In today’s case (Chapman-Fluker v. Gustavson) the Plaintiff was injured in a collision and sued for damages.  The Defendants, insured by ICBC and initially represented by in house counsel, failed to file a jury notice in the applicable time frame.

Months before trial the Defendants applied to allow them to file their jury notice beyond the specified time limits. 

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Charter Damage Lawsuit Requires Constitutional Question Notice

Reasons for judgement were published today by the BC Supreme Court, New Westminster Registry, finding that notice under the Constitutional Questions Act is required for parties seeking Charter damages as part of a personal injury lawsuit.

In today’s case (Fong v. British Columbia) the Plaintiff was injured as a result of a “hard takedown” arrest carried out by officers of the RCMP.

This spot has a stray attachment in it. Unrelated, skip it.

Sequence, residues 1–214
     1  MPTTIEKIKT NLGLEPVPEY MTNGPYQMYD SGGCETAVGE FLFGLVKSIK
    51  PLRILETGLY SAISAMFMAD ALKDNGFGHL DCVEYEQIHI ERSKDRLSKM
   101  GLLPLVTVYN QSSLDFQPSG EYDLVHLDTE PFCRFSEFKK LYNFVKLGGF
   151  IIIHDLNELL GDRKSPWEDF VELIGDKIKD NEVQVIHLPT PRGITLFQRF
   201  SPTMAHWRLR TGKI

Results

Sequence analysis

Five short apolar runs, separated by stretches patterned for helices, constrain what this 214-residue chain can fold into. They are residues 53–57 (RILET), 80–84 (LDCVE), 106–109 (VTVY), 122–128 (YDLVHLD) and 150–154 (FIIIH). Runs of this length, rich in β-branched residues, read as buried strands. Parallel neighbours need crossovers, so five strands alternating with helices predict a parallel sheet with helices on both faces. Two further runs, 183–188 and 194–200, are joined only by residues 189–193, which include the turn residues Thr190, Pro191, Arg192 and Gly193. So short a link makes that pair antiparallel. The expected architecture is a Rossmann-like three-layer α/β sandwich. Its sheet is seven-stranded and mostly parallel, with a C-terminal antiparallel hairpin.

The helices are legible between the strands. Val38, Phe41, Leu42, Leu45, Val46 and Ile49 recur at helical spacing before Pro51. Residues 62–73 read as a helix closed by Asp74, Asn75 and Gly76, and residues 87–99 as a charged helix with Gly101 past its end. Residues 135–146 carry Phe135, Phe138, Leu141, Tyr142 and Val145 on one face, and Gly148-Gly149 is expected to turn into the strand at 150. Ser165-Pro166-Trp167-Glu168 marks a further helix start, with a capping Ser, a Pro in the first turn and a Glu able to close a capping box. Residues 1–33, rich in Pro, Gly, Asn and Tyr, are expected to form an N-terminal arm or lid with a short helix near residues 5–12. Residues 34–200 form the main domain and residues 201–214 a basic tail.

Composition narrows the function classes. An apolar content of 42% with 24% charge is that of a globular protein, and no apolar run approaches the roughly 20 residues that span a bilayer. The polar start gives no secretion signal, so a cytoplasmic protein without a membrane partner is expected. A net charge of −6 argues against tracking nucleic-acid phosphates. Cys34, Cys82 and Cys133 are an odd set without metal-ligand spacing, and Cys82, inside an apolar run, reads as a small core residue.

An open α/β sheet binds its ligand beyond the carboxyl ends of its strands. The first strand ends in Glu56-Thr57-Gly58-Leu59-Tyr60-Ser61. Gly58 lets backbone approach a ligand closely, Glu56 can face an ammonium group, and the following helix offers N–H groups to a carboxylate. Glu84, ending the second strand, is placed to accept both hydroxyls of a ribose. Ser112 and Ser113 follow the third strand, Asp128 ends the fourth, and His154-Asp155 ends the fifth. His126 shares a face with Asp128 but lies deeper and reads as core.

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$110,000 Non-Pecuniary Assessment for L2 Fracture With Persistent Symptoms

Reasons for judgement were published today by the BC Supreme Court, Kamloops Registry, assessing damages for chronic injuries suffered in a vehicle collision.

In today’s case (Kennedy v. Cumming) the Plaintiff was involved in a 2015 collision.  His was struck by the Defendant’s vehicle while operating his motorcycle.  The crash resulted in a fracture to the Plaintiff’s low spine and the onset of symptoms in pre-existing but asymptomatic degeneration.  The symptoms persisted to the time of trial and were partly disabling.  In assessing non-pecuniary damages at $110,000 Madam Justice Burke provided the following reasons:

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$100,000 Non-Pecuniary Assessment for Central Neuropathic Pain With Poor Prognosis

Reasons for judgment were published today by the BC Supreme Court, Nanaimo Registry, assessing damages for central neuropathic pain caused by a vehicle collision.

In today’s case (Laliberte v. Jarma) the Plaintiff was involved in a 2015 vehicle collision.  She was a passenger in a vehicle driven by the Defendant that lost control “went through a fence and over a bump and landed in a field”.  Liability was admitted.

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Defence Doctor Opinion Rejected Where Plaintiff Not Examined and Diagnosis “Inferred”